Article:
Why its more important than ever to hold QTS


Teacher pointing at studentAs Michael Gove encourages schools to recruit unqualified ‘experts’ into the profession, Jane Bradley explains why it is now more important than ever to gain Qualified Teacher Status.

Teacher’s message boards have been aflame, following the recently announcement that Education Secretary Michael Gove will allow some schools to hire unqualified ‘experts’ to teach, without requiring them to having Qualified Teacher Status (QTS).

Currently, only free schools and independent schools may choose to employ teachers without QTS, but Mr Gove insists that allowing academies to follow suite will tempt more industry professionals into a career in the classroom. The government have said that this move means academies are now free to hire “great linguists, computer scientists and other specialists who have not worked in state schools before”, but teaching unions have reacted angrily, with many believing it to be nothing more than a cost-cutting exercise.

When I decided to pursue a career in teaching (only seven years ago), it was at a time when the government was in the middle of a mass recruitment campaign. There were teacher shortages across the board, in particular in subjects such as science and maths. When my PGCE class qualified we all strolled into jobs and, to be frank, I don’t think we realised quite how fortunate we were.

In line with other sectors, jobs now are harder to come by. Anecdotal evidence tells me that people are more reluctant to leave/change their jobs as a result of the recession and new teachers are finding it considerably tougher to find a position.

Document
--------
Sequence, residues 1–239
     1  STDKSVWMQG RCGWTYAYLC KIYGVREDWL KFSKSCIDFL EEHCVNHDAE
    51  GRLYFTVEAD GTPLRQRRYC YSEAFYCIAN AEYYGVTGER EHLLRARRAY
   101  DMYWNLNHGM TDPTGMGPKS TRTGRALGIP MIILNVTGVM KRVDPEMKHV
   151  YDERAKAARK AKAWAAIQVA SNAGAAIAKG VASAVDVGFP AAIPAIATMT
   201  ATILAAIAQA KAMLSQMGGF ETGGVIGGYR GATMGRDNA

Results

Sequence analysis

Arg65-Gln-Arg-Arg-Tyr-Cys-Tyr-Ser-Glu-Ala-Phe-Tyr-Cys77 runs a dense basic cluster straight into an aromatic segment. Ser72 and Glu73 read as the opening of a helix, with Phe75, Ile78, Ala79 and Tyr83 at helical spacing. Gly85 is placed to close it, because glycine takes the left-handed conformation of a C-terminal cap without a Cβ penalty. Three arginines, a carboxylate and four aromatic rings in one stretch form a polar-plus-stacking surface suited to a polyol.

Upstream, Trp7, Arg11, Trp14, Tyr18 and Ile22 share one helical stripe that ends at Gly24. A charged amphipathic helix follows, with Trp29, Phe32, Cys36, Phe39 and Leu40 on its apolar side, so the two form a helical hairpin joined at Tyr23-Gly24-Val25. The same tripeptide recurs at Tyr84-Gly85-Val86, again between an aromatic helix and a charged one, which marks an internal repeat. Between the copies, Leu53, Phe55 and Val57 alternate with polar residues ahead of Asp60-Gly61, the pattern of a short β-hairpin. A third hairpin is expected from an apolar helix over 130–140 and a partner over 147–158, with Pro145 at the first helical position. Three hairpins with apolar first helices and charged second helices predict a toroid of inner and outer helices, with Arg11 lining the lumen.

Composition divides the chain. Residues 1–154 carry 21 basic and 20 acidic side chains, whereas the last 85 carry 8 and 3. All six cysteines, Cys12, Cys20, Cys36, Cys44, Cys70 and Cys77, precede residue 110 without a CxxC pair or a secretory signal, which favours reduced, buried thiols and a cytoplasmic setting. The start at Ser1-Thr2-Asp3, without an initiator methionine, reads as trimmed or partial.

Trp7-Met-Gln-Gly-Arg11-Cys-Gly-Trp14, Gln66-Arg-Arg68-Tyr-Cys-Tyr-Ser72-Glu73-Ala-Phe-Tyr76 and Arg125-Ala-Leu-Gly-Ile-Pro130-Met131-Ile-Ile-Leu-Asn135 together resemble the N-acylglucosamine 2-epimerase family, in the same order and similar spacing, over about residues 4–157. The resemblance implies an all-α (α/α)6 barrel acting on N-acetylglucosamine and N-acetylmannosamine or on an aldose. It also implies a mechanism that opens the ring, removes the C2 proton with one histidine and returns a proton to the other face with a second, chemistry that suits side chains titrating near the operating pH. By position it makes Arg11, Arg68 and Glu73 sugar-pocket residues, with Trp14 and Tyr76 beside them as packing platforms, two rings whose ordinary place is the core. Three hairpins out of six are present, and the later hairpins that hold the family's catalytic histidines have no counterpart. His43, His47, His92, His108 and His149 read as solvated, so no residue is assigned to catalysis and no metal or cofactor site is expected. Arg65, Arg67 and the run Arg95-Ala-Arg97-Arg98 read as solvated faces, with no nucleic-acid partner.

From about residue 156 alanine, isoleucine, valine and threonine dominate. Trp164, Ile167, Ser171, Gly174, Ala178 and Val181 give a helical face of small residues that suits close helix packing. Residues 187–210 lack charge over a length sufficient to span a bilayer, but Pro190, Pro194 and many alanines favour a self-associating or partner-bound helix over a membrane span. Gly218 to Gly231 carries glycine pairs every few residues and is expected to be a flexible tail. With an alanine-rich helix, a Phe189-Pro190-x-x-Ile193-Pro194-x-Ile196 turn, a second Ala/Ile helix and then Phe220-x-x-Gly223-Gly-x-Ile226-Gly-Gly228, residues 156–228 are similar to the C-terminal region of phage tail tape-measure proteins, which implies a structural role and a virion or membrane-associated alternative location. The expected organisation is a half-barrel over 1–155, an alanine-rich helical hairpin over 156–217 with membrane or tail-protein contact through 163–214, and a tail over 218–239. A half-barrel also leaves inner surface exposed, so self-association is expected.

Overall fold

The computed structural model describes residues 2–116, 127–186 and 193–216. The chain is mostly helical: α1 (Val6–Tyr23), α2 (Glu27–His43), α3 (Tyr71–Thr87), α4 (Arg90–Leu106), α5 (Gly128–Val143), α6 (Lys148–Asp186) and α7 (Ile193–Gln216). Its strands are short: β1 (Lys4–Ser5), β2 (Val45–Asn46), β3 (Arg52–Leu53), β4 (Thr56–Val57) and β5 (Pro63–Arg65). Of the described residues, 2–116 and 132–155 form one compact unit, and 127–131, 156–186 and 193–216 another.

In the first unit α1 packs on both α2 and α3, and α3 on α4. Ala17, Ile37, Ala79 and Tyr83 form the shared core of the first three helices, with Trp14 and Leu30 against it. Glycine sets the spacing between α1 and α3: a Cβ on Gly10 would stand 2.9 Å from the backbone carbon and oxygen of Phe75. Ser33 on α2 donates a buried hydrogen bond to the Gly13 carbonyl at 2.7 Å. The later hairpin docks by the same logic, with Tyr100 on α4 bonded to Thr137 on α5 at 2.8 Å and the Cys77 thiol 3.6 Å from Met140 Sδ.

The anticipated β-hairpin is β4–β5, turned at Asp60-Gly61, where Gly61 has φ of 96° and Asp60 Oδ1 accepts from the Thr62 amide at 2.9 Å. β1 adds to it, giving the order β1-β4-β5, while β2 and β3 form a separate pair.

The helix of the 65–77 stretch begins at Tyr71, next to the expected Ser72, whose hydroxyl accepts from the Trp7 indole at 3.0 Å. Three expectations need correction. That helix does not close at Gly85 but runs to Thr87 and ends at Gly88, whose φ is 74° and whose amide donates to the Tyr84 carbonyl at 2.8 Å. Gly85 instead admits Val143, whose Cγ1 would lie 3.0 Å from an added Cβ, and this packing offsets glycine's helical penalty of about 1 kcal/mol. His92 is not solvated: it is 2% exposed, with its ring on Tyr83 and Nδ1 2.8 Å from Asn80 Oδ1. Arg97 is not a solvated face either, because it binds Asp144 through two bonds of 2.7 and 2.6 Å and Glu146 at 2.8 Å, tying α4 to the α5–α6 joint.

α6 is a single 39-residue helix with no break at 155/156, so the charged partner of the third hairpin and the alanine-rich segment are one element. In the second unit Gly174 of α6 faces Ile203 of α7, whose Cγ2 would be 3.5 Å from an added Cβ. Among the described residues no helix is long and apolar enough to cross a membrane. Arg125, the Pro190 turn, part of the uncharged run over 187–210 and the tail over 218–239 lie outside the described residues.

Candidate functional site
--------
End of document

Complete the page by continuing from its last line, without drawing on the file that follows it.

The decision to widen the net to allow the recruitment of unqualified ‘experts’, is a gross disservice to those who have slogged their way through a PGCE. Moreover, it is a disservice to the young people who, I believe, have a right to be educated by fully trained, classroom-ready specialists. In what other profession would this move even be contemplated? As the ever-passionate poet and author Michael Rosen pointed out in his open letter to Mr Gove in the Guardian, it certainly wouldn’t be acceptable in medicine. Or law. Or engineering. It is utterly inconceivable.

Perhaps if the government believes that going through the national training scheme for our country’s teachers is not a necessity then the answer must be to make the changes there – not by altering the recruitment policy. Perhaps a more flexible, more rigorous, or even more accessible system is needed to attract the top talent that the private, free and academy schools are hoping to entice.

But with every new Secretary of State for Education comes a whole raft of new initiatives that change the game for parents, teachers and children. We are expected to adapt and we do. We adopt new curriculums. We stretch ourselves to meet new targets. We take part in performance management exercises. We undertake rigorous training to update our skills and we are open for scrutiny from our line managers and the dreaded inspection team at a moment’s notice. And crucially we accept that this is part of the job… this is how we prove ourselves to be professionals worthy of such an esteemed role.

So it stings to hear Mr Gove talking about fast-tracking industry types into the profession. By obtaining QTS you are taking the necessary and accepted steps to become a teacher. It’s hard work. Damned hard work actually and rightly so. The job is a tough one; a constant balancing act that requires a specific set of skills, on top of subject knowledge, so it is only right that the broad assessment criteria reflects this.

But perhaps most importantly, by devaluing QTS Mr Gove is giving weight to that irritating myth that teaching is something you can just fall into when you have exhausted your ‘real’ career options. That, to us true professionals, is the biggest insult of all.

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